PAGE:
Over the years, I became more and more interested in the way beliefs in general are passed on through generations and in what happens when that changes. I began letting go of old habits and beliefs and learned deeper compassion and understanding. So my main character, who starts off filled with self-loathing, also grows more aware and compassionate throughout the novel.
What I love most is when people leave reviews or privately tell me that reading Drawings in Sand helped them understand themselves or a family member, or that it helped them heal old issues. That’s when I know I’ve done the job I set out to do.
Stella isn’t allowed in the basement. But she’s there, hiding from the quarrels above and whispering secrets to a beautiful mother in a painting. Thirty years later she still doesn’t know who that mother and her baby are. Nor can she remember what she did last night. Woken by her young daughter, Kirsty, to the worst hangover of her life Stella believes she can’t sink much lower. Then she argues with her volatile lover, Macklin, and he goes missing for days. She solicits sympathy from her brother, Sam, but gets none. There’s no respite at work where she lies to her boss about unfinished work and loses control of the classes she teaches. After an explosive phone call with Kirsty’s father, Ross, Stella’s only escape is more booze, even though Kirsty is with Ross and due home any minute, even though Stella knows he disapproves, even though she is convinced he wants custody and getting drunk will provide all the ammunition he needs.
The next day, Stella collapses when she should be chairing a meeting. The kindly attention of a colleague pierces Stella’s fear in a way her self-hatred never could, and a journey of self-discovery begins. As she learns to live without booze she re-evaluates her relationships and delves deep into the secrets of her family’s past. Nothing is as she thought it was, and nothing is as it appears to be, not even the mother she thought didn’t love her.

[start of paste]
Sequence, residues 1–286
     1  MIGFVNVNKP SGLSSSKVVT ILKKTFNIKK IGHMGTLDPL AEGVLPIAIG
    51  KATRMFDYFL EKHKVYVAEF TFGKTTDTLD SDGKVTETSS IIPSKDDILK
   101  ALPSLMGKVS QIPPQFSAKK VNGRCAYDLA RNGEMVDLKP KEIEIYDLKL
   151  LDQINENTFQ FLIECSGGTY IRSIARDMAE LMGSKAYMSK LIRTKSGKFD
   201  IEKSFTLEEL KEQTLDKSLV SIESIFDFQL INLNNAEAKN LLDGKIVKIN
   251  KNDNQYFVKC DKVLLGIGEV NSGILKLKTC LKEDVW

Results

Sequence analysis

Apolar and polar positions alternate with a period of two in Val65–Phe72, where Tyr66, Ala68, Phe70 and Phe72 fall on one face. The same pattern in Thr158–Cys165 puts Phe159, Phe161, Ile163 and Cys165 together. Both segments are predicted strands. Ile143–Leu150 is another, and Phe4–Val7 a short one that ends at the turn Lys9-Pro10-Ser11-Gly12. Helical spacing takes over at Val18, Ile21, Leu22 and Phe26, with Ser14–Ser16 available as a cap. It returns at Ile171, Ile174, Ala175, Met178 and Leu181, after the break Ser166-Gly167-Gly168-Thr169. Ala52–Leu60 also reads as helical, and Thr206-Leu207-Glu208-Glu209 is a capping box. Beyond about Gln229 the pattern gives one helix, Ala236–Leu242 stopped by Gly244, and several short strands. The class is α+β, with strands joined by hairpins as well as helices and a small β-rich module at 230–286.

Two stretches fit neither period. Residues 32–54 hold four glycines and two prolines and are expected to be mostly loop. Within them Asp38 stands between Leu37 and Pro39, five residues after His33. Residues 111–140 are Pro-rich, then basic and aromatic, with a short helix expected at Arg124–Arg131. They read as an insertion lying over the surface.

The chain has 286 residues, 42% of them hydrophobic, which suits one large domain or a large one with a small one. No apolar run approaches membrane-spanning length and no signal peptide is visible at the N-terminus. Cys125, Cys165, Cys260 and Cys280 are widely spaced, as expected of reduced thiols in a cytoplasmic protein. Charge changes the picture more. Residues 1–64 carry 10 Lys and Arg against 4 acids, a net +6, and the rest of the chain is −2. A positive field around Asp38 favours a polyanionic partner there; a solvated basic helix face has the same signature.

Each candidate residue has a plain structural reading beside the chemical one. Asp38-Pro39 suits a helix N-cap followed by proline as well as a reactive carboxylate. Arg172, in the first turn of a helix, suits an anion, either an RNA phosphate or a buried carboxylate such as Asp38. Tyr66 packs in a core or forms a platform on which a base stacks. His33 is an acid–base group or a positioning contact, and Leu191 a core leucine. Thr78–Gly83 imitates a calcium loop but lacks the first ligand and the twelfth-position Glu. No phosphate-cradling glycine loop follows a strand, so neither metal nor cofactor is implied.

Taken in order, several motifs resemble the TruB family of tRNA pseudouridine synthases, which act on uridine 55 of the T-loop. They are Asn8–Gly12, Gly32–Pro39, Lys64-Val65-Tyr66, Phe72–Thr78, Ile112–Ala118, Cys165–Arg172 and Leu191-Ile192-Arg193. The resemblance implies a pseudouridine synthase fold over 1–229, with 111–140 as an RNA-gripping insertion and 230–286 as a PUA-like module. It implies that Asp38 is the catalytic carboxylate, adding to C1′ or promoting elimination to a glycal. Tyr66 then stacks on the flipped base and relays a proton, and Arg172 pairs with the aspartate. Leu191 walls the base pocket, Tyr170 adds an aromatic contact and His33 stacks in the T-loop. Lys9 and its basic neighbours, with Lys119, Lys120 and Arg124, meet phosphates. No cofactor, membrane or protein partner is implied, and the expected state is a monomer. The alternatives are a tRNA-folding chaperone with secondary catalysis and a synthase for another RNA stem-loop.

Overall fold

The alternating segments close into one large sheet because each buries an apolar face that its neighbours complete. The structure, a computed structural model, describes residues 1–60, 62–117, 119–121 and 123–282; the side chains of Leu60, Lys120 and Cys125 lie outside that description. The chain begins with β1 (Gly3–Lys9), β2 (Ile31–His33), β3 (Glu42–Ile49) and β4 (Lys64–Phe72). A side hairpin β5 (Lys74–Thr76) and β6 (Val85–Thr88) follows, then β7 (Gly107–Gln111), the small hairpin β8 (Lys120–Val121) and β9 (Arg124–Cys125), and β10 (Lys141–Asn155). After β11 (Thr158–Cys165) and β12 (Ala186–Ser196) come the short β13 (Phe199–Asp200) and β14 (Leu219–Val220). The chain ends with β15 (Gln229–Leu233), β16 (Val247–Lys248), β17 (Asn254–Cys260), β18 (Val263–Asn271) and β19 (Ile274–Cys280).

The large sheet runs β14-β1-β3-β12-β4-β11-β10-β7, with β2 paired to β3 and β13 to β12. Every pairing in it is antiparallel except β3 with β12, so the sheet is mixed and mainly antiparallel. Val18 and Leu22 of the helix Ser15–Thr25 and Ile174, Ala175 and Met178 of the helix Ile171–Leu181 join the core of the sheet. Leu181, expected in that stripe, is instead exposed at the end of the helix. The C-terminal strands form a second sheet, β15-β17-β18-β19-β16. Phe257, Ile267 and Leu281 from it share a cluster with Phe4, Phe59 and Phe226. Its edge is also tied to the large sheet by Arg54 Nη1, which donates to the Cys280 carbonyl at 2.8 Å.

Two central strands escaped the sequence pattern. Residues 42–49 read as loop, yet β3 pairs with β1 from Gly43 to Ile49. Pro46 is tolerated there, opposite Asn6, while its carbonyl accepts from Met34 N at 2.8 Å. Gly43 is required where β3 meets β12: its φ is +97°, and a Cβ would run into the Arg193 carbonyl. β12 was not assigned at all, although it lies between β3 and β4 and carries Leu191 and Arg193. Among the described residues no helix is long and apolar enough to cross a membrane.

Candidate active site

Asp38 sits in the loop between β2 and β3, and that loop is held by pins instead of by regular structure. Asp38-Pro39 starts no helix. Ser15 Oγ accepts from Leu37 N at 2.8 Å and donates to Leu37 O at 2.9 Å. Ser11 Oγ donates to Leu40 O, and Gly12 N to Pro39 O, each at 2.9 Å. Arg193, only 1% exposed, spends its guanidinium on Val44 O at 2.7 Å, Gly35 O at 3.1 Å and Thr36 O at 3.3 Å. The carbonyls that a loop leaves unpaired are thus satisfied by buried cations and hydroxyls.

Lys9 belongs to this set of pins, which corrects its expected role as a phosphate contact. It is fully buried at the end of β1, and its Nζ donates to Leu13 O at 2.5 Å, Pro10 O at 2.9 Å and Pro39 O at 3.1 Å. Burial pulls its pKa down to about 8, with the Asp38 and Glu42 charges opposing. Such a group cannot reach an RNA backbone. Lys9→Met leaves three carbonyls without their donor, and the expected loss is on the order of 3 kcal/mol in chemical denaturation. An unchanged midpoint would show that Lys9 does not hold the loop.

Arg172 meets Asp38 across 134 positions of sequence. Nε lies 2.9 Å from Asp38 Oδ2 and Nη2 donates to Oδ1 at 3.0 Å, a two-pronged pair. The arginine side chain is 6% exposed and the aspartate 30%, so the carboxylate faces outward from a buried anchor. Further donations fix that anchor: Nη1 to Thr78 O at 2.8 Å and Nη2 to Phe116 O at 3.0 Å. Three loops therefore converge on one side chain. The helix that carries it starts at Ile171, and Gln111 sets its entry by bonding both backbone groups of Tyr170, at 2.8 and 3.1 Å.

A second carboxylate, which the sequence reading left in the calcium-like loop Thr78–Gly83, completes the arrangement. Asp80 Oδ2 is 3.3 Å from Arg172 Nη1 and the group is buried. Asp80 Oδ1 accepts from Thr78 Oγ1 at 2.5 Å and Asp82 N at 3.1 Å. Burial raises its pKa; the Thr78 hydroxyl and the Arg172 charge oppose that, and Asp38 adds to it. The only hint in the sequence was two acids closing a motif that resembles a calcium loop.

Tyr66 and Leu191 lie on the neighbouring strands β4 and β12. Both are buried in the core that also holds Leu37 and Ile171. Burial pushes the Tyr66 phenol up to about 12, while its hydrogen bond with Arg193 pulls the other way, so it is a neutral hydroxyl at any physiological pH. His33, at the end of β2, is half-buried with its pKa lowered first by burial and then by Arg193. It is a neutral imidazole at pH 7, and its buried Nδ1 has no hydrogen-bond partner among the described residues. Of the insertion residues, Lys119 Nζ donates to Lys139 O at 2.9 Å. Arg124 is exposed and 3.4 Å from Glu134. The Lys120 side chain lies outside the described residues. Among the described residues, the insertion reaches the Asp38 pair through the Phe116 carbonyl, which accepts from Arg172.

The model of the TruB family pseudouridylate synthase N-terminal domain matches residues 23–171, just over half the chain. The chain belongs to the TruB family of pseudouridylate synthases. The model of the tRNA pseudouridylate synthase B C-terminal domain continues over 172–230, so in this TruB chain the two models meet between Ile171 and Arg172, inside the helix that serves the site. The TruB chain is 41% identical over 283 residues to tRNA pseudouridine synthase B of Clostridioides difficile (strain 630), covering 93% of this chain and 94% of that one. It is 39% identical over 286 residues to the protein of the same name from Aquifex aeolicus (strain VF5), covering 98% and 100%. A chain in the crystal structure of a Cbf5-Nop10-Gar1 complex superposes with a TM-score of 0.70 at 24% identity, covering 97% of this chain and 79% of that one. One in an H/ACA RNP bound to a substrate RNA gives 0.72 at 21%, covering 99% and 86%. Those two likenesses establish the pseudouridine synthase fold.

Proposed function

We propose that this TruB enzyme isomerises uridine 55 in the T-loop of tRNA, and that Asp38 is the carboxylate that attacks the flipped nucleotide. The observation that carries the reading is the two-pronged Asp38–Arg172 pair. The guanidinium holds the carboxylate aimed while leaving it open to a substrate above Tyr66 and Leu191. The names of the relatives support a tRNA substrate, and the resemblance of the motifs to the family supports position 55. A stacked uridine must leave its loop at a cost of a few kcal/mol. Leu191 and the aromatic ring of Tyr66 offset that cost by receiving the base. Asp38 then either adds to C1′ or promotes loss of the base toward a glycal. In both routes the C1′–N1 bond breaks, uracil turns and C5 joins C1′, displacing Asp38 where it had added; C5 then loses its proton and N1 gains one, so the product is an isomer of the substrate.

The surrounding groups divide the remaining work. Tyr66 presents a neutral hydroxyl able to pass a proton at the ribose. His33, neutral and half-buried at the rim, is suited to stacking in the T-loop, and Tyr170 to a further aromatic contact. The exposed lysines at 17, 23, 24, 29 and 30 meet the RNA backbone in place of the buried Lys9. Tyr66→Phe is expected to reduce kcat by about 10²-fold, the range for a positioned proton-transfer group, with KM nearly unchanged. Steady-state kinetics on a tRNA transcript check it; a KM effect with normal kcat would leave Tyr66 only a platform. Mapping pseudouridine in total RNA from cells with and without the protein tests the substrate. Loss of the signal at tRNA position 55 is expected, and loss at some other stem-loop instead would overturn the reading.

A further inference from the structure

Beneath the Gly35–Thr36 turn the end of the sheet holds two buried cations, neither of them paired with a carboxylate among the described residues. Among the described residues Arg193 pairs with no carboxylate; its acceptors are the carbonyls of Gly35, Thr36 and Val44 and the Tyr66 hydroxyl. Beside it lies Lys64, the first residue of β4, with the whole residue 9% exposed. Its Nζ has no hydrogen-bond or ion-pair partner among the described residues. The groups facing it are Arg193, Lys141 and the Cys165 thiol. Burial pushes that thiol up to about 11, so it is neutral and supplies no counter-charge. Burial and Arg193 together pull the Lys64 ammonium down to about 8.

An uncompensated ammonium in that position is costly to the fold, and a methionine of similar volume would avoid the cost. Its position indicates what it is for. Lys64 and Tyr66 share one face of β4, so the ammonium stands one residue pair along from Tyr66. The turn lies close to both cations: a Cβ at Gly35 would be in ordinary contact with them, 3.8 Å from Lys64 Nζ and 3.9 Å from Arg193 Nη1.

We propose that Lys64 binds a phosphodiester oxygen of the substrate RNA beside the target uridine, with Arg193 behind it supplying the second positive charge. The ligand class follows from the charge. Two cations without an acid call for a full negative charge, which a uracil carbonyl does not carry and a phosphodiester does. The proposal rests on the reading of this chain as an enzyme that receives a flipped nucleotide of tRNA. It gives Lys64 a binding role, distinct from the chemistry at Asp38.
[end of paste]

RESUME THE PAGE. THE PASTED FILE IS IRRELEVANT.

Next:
Drawings in Sand is a story of transformation and forgiveness: it dives deep into the darker side of the human condition, and rises into redemption and light.
Here is also a link to her short stories: http://www.amazon.com/dp/B00BRNDZ0Q
Yvonne Spence grew up on the Shetland Isles, and has lived in 3 of Scotland’s major cities as well as London and the South coast of England. Like the main character in her first novel, she has worked as an art teacher, but the staff room tales in Drawings in Sand are entirely fictional! She also had a few other jobs, including: chambermaid, fashion designer and creative writing tutor. Her husband is a pilot, which is not as glamorous as it sounds. They have two daughters, two cats and two tanks of tropical fish.
Several of her short stories have been published in magazines and a few won prizes. Drawings in Sand is her first novel, and is available in Amazon’s Kindle Store. She has also published an e-book of short stories set in the Shetland Isles, Looking For America. She is currently working on another novel and sending Drawings in Sand out to agents and publishers because she’d like to publish in the traditional way for the print version.